The Secret Life of a C.E.O.

 

Freakonomics Radio presents an ongoing series: “The Secret Life of a C.E.O.” You’ll hear interviews with leaders of some of the biggest companies in the world: Mark Zuckerberg (Facebook), Mary Barra (General Motors), Richard Branson (Virgin), Indra Nooyi (PepsiCo), Satya Nadella (Microsoft), Jack Welch (G.E.), Ray Dalio (Bridgewater), Carol Bartz (Yahoo!), David Rubenstein (Carlyle), John Mackey (Whole Foods), and Ellen Pao (Reddit).

Jeff Immelt Knows He Let You Down (Ep. 452)

Not so long ago, G.E. was the most valuable company in the world, a conglomerate that included everything from light bulbs and jet engines to financial services and The Apprentice. Now it’s selling off body parts to survive. What does the C.E.O. who presided over the decline have to say for himself?

Is it Too Late for General Motors to Go Electric? (Ep. 442)

G.M. produces more than 20 times as many cars as Tesla, but Tesla is worth nearly 10 times as much. Mary Barra, the C.E.O. of G.M., is trying to fix that. We speak with her about the race toward an electrified (and autonomous) future, China and Trump, and what it’s like to be the “fifth-most powerful woman in the world.”

How to Succeed by Being Authentic (Hint: Carefully) (Ep. 438)

John Mackey, the C.E.O. of Whole Foods, has learned the perils of speaking his mind. But he still says what he thinks about everything from “conscious leadership” to the behavioral roots of the obesity epidemic. He also argues for a style of capitalism and politics that at this moment seems like a fantasy. What does he know that we don’t?

What Do Nancy Pelosi, Taylor Swift, and Serena Williams Have in Common? (Ep. 385)

They — along with a great many other high-achieving women — were all once Girl Scouts. So was Sylvia Acevedo. Raised in a poor, immigrant family, she was told that “girls like her” didn’t go to college. But she did, and then became a rocket scientist and tech executive. Now she’s C.E.O. of the very organization she credits with shaping her life. Acevedo tells us how the Girl Scouts are trying to stay relevant, why they’re suing the Boy Scouts, and how they sell so many cookies.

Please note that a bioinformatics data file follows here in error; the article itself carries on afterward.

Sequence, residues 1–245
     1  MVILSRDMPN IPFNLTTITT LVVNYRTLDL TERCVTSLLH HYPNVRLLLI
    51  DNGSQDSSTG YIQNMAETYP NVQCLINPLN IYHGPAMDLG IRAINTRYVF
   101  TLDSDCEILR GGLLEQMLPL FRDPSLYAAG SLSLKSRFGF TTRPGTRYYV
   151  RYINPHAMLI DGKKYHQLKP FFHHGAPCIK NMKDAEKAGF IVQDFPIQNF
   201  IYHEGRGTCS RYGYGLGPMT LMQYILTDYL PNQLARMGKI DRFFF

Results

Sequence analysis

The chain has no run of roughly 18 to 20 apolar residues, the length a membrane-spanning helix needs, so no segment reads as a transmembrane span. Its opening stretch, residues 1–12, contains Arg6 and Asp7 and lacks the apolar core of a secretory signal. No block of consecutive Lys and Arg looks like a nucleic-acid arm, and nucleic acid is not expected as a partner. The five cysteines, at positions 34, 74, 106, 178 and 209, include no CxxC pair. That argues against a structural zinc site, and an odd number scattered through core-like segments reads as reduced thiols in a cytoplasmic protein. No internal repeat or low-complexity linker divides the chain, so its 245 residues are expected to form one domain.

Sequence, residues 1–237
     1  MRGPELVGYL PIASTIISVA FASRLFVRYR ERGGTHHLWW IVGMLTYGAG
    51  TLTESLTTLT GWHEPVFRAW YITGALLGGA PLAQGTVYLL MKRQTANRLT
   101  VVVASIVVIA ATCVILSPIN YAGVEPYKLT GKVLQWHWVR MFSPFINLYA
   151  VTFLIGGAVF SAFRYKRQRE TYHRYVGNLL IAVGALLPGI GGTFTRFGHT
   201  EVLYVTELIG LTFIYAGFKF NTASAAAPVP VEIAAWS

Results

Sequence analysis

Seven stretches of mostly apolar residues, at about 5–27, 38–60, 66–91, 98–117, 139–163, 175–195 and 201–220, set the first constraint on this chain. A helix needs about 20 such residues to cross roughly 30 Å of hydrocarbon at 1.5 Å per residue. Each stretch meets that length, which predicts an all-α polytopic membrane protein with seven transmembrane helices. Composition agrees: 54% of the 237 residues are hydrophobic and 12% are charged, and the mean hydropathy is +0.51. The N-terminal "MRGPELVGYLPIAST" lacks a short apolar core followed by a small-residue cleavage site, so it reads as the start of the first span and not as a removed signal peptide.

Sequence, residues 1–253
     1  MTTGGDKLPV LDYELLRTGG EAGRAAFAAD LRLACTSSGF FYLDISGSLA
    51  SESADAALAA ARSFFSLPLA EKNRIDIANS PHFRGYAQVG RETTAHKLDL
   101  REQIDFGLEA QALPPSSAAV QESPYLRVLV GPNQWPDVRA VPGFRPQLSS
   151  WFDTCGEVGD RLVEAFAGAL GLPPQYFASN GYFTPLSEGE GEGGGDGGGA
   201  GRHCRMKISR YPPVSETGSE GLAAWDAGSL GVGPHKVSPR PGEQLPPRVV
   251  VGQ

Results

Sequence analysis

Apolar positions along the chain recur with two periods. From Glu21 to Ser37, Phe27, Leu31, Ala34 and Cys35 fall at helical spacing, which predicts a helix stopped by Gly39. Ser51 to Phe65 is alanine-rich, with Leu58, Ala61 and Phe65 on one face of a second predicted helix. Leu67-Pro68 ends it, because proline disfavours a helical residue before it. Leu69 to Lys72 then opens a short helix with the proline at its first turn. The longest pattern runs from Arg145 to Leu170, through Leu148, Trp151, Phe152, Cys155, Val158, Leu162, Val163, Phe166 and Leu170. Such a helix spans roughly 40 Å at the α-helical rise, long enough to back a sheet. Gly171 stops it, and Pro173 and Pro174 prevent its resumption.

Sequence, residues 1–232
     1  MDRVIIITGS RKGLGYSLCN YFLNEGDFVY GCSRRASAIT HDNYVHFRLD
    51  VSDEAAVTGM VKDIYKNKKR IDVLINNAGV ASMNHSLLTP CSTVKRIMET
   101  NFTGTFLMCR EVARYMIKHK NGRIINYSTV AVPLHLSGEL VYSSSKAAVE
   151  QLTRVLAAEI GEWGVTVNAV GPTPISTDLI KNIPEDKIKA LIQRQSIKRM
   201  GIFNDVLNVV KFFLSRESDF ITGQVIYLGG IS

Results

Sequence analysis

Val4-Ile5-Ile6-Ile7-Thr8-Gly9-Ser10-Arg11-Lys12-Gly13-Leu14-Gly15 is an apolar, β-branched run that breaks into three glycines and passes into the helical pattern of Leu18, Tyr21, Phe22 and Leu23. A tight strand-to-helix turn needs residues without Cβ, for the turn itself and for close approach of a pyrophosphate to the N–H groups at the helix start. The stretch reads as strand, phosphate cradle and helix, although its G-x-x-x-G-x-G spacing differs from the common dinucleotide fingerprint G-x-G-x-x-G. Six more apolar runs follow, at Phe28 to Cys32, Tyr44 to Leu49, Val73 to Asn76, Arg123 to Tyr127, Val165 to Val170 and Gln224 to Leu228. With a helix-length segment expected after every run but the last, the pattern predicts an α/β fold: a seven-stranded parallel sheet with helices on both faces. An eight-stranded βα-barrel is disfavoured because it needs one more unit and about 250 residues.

23andMe (and You, and Everyone Else) (Ep. 378)

The revolution in home DNA testing is giving consumers important, possibly life-changing information. It’s also building a gigantic database that could lead to medical breakthroughs. But how will you deal with upsetting news? What if your privacy is compromised? And are you prepared to have your DNA monetized? We speak with Anne Wojcicki, founder and C.E.O. of 23andMe.

How Spotify Saved the Music Industry (But Not Necessarily Musicians) (Ep. 374)

Daniel Ek, a 23-year-old Swede who grew up on pirated music, made the record labels an offer they couldn’t refuse: a legal platform to stream all the world’s music. Spotify reversed the labels’ fortunes, made Ek rich, and thrilled millions of music fans. But what has it done for all those musicians stuck in the long tail?

Can an Industrial Giant Become a Tech Darling? (Ep. 357)

The Ford Motor Company is ditching its legacy sedans, doubling down on trucks, and trying to steer its stock price out of a long skid. But C.E.O. Jim Hackett has even bigger plans: to turn a century-old automaker into the nucleus of a “transportation operating system.” Is Hackett just whistling past the graveyard, or does he see what others can’t?

A Conversation With PepsiCo C.E.O. Indra Nooyi (Ep. 316 Update)

One of the world’s biggest and best-known companies just announced that its C.E.O. would be stepping down in the fall. We interviewed her as part of our series “The Secret Life of a C.E.O.," and we thought you might like to hear that episode again, or for the first time if you missed it back then.

Extra: Ray Dalio Full Interview (Ep. 330)

Stephen Dubner's conversation with the founder and longtime C.E.O. of Bridgewater Associates, recorded for the Freakonomics Radio series “The Secret Life of a C.E.O.”

Extra: Mark Zuckerberg Full Interview (Ep. 328)

Stephen Dubner's conversation with the Facebook founder and C.E.O., recorded for the Freakonomics Radio series “The Secret Life of a C.E.O.”